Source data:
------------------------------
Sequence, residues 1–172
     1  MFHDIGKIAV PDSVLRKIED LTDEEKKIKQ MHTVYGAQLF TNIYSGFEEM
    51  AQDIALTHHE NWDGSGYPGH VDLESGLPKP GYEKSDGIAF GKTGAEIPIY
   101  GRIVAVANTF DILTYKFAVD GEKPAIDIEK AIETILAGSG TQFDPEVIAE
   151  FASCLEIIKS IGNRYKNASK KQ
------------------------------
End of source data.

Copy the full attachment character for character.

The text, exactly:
Sequence, residues 1–172
     1  MFHDIGKIAV PDSVLRKIED LTDEEKKIKQ MHTVYGAQLF TNIYSGFEEM
    51  AQDIALTHHE NWDGSGYPGH VDLESGLPKP GYEKSDGIAF GKTGAEIPIY
   101  GRIVAVANTF DILTYKFAVD GEKPAIDIEK AIETILAGSG TQFDPEVIAE
   151  FASCLEIIKS IGNRYKNASK KQ